With the help of family, friends and the wonderful people at Red Nose, we all ever so slowly started to emerge from the fog of deep despair and grief. Little by little, we accepted our new normal; a life without Layla’s physical presence but her presence none the less. The guilt I felt if I laughed; the guilt I felt if I found enjoyment in something; the guilt of being here and that Layla wasn’t - it slowly eased and with time, disappeared. The day I walked behind my daughter and witnessed the determined, positive stride was back, I silently breathed a sigh of relief and thanks. She was ready to live again, albeit with a broken heart, she would make the most of this new normal and make her baby girl proud.

The process is slow, and accepting a new normal is so very difficult. But with time (there is that old cliché – but it is true), we do find joy and happiness in our lives again, although there is forever someone missing and a piece of your heart is always broken.

Special events are always difficult, especially the firsts; the first Mother’s Day etc. This will be my seventh Mother’s Day without Layla. But it will be a day like every other day of the year; Layla will be spoken of and remembered. The day will be spent with her family, with grandchildren all running around vying for our attention, a day of thanks for the love that surrounds us.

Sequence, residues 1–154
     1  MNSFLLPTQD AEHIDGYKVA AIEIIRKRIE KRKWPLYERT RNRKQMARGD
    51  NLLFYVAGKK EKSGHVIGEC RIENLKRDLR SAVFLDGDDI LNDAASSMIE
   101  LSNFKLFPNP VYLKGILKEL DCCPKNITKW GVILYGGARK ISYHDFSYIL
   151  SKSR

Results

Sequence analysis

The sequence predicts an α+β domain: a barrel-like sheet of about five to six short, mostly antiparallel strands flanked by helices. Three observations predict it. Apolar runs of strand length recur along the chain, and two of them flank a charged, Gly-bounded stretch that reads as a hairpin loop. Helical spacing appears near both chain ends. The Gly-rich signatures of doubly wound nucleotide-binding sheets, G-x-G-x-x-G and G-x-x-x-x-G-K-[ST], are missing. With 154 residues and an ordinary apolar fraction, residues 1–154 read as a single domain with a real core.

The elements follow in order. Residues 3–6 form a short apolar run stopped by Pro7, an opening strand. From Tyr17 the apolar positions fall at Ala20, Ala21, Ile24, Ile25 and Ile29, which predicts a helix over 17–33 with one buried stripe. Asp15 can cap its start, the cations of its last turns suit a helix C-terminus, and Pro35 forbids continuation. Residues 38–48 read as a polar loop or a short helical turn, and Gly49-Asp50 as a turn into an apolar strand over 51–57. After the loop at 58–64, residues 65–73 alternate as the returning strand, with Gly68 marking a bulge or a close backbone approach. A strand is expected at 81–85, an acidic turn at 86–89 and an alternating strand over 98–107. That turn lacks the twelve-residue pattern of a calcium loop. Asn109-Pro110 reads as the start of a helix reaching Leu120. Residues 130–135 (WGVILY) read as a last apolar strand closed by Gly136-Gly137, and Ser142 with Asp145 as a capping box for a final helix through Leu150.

As I do every week, I will visit Layla’s place and sit and talk to her as has been my ritual for the past 6 ½ years. I will tell her what we have done throughout the week, but will add “of course you know that baby don’t you”? I will leave the most colourful flowers that I can find and promise to come and sit with her again next week.

When people ask me, how many grandchildren do you have? I proudly reply, “I hold one grandchild firmly in my heart and four firmly in my arms”.

Gillian Graham-Crowe and Kathy Murray
Layla Emerald’s Mum and Nan